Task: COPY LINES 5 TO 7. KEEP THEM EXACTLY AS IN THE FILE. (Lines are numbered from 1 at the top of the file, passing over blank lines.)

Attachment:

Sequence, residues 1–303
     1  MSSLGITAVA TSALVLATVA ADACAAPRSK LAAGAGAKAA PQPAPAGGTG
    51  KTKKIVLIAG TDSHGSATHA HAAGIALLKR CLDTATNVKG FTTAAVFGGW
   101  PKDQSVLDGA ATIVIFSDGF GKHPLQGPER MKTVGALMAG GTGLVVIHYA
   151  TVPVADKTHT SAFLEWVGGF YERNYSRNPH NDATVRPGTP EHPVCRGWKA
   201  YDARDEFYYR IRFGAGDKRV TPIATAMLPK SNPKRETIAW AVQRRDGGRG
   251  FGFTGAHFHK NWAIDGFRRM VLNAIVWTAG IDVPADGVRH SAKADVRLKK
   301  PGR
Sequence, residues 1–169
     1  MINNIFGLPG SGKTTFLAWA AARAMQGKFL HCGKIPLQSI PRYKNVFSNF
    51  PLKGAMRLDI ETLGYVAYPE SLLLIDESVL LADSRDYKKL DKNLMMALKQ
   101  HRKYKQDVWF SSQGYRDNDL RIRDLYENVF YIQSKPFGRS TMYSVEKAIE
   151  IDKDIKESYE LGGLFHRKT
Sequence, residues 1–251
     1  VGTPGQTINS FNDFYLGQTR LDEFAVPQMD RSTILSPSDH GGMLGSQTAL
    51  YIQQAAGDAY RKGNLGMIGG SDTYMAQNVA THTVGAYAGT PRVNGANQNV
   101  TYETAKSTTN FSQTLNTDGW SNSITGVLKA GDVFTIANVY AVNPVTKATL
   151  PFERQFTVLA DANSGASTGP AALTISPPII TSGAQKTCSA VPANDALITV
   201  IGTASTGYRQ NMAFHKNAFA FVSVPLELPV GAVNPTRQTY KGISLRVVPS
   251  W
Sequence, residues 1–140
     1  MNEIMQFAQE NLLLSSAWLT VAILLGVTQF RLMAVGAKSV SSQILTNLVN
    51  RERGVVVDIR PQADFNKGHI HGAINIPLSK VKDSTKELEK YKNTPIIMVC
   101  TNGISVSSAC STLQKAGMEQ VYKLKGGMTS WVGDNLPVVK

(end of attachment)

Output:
   151  TVPVADKTHT SAFLEWVGGF YERNYSRNPH NDATVRPGTP EHPVCRGWKA
   201  YDARDEFYYR IRFGAGDKRV TPIATAMLPK SNPKRETIAW AVQRRDGGRG
   251  FGFTGAHFHK NWAIDGFRRM VLNAIVWTAG IDVPADGVRH SAKADVRLKK